Basingstoke Amateur Theatrical Society | BATS | Amateur Musical Theatre Productions | Basingstoke, United Kingdom

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Grease review, Nov 2015 - Newbury Weekly News

Hopelessly devoted to GreaseSlick and snazzy, BATS’ stunning mega mix was a real crowd-pleaser

I have been involved in, and watched, many productions of Grease and it never ceases to amaze me of the popularity and endurance' of this musical, with its fluffy storyline and bubblegum music - though, granted, there is a bit of grit in the dialogue.

But let's face it, you're a right stick- in-the-mud if you don't find Greased Lightnin', Summer Lovin' or You're the One That I Want fun. For Grease to take flight in 2015, it needs a cast zinging with charisma from first to last. Fortunately; BATS had this in spades, and from the first rousing reunion chorus and the fabulous Grease is the Word opening sequence, it was obvious that director and choreographer Angus Jacobs and an energetic and talented cast were going to deliver a treat.

The too-cool-for-school gang the T-Birds, the Pink Ladies and the ensemble had endless energy and provided first-class entertainment with their harmonies and slick moves. In fact, for me, the dancing and choreography were a real highlight of the show.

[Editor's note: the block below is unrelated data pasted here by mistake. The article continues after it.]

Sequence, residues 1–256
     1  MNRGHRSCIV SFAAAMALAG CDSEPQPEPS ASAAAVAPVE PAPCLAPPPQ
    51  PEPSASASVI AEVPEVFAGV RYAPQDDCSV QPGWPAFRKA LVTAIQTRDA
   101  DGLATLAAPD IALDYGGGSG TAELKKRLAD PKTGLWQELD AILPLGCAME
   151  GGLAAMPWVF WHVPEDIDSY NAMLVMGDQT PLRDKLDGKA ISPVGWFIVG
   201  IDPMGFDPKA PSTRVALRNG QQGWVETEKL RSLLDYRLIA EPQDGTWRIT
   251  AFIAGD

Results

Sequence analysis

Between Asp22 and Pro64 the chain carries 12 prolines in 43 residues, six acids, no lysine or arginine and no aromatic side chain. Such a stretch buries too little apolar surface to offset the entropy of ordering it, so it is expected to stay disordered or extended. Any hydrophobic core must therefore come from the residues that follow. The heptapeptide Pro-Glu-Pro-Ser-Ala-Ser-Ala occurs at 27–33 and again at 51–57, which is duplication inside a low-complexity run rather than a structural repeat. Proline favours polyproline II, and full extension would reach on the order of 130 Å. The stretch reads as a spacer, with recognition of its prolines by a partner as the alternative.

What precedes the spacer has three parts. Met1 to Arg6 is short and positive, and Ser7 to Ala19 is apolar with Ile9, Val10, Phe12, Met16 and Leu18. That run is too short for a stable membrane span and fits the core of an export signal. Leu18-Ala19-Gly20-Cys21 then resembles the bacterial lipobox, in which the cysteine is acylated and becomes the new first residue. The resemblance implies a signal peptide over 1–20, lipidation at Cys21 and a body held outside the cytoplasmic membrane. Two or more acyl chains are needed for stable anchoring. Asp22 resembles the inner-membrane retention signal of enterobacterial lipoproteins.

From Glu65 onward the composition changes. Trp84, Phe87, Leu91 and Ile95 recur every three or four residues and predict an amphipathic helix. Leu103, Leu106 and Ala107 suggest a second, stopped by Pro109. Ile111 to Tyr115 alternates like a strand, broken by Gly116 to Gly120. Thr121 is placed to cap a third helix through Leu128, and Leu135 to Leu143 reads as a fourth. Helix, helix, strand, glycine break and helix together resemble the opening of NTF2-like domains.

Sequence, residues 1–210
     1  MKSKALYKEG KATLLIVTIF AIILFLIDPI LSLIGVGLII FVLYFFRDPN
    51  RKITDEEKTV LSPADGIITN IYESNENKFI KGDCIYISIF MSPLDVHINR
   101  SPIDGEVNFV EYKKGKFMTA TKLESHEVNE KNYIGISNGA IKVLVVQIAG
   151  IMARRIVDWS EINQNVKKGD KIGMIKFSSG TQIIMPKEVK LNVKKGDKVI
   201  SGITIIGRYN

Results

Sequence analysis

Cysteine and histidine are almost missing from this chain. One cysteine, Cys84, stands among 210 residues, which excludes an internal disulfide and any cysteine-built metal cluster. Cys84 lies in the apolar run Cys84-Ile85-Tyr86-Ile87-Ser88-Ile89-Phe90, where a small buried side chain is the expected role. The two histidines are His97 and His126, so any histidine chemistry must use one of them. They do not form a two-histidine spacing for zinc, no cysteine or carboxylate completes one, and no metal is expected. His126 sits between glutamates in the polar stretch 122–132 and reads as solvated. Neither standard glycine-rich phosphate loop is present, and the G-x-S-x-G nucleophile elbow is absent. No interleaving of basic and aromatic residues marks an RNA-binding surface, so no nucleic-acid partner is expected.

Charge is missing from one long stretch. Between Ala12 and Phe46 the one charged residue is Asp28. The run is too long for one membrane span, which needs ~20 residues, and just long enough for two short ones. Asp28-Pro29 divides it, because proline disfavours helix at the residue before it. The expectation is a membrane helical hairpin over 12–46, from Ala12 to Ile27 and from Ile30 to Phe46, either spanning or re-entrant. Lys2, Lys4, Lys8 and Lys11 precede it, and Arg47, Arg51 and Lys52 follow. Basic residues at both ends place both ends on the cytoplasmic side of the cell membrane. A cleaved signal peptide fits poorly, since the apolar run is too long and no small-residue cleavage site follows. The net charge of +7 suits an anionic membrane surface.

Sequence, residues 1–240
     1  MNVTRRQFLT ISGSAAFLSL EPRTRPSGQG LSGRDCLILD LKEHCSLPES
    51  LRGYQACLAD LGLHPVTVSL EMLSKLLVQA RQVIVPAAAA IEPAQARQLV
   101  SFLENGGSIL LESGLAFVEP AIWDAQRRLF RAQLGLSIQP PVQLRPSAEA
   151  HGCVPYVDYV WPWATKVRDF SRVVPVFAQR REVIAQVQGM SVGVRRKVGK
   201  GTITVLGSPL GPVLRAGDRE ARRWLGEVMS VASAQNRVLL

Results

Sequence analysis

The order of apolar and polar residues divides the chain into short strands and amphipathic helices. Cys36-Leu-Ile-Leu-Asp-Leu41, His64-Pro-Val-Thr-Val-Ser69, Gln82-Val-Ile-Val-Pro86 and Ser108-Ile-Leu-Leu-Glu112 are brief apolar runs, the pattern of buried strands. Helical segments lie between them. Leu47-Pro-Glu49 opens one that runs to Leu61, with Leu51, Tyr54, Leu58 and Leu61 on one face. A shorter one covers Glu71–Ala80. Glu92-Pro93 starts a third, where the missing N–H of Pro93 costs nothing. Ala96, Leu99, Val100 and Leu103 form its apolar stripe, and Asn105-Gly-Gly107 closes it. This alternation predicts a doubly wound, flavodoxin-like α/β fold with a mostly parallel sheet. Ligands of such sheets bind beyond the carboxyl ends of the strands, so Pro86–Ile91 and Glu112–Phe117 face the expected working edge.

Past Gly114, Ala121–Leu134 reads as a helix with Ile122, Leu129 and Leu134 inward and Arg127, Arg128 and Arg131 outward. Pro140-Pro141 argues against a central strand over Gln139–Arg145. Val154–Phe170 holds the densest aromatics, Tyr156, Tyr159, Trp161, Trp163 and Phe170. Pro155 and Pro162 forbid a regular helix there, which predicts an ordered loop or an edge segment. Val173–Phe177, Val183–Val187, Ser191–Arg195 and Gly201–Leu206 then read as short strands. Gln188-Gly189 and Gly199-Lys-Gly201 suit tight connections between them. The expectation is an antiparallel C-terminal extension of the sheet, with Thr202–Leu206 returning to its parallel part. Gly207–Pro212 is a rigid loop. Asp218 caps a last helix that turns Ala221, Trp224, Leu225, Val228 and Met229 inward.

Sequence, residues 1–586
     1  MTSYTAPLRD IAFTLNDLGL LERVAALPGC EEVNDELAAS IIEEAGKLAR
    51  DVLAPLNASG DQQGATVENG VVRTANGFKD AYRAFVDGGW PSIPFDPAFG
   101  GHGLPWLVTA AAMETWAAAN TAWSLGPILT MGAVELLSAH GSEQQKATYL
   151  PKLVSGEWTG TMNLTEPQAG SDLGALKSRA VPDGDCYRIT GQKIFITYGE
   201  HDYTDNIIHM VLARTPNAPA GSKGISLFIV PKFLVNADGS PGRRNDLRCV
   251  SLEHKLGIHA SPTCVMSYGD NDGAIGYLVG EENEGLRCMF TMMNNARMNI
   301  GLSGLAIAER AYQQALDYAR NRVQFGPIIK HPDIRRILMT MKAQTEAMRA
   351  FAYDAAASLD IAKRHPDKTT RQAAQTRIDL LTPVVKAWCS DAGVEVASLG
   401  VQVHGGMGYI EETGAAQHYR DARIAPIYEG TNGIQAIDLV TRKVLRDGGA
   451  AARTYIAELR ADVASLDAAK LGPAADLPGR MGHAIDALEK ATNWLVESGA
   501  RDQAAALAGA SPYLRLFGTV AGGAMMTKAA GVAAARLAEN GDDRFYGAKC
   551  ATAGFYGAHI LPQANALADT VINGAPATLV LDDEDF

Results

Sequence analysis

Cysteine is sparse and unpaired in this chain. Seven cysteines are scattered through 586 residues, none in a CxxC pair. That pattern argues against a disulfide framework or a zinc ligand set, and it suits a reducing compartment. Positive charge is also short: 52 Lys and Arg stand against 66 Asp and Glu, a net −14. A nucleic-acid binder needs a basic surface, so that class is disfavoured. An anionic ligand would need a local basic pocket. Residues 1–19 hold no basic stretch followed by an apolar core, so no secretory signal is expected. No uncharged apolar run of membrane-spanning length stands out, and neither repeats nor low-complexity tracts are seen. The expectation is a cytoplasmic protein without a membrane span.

Principals delivered impressively - Craig Saunder's Danny.Zuko was full of swagger and Rhianon Mone effectively portrayed Sandy Dumbrowski's mutation from ingenue to siren. Joe Humberstone (Kenickie) gave us an excellent vocal in Greased Lightnin' and the rest of the gang - Liam Brelsforth (Roger) Max Harwood ( Sonny) and Austen Champion (Doody) - were rock solid, Jade Hollingshead's Jan was so lively; adorable and memorable, Chloe Ballard's Rizzo was charismatic and full of sarcasm and attitude, Kirsty Bennett gave us a delightful Frenchy; while Millie Stringer's Marty was strong and sexy.

Memorable smaller roles included the very amusing (cross-dressed) Gary J. Myers as Miss Lynch, Shaun Blake's brilliantly nerdy Eugene, Zoe Blackall's endearingly irritating Patty Simcox and Bryn Hughes' engaging and well-sung Teen Angel. A few accents were a bit dodgy; but the cast were well-rehearsed and slick. Musical director Julie Dance and- her band must be-congratulated for the musical quality.

A great set, colourful costumes and snazzy lighting all added to the spectacle and the final mega mix was stunning and the ultimate crowd-pleaser.

This was BATS on top form.

Trevor Dobson